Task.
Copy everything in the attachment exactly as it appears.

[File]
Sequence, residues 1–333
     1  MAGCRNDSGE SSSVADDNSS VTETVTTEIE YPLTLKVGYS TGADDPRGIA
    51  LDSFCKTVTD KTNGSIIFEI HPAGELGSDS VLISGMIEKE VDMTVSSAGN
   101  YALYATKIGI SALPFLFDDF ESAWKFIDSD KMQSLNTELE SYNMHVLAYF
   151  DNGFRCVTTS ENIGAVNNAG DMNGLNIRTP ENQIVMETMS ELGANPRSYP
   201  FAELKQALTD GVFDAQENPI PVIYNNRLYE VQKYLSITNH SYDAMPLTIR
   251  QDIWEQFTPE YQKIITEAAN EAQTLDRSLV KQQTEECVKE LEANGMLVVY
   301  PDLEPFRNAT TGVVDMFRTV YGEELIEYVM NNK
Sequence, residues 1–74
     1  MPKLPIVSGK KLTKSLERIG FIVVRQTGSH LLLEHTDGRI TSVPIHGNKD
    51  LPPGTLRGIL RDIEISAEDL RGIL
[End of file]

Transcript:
Sequence, residues 1–333
     1  MAGCRNDSGE SSSVADDNSS VTETVTTEIE YPLTLKVGYS TGADDPRGIA
    51  LDSFCKTVTD KTNGSIIFEI HPAGELGSDS VLISGMIEKE VDMTVSSAGN
   101  YALYATKIGI SALPFLFDDF ESAWKFIDSD KMQSLNTELE SYNMHVLAYF
   151  DNGFRCVTTS ENIGAVNNAG DMNGLNIRTP ENQIVMETMS ELGANPRSYP
   201  FAELKQALTD GVFDAQENPI PVIYNNRLYE VQKYLSITNH SYDAMPLTIR
   251  QDIWEQFTPE YQKIITEAAN EAQTLDRSLV KQQTEECVKE LEANGMLVVY
   301  PDLEPFRNAT TGVVDMFRTV YGEELIEYVM NNK
Sequence, residues 1–74
     1  MPKLPIVSGK KLTKSLERIG FIVVRQTGSH LLLEHTDGRI TSVPIHGNKD
    51  LPPGTLRGIL RDIEISAEDL RGIL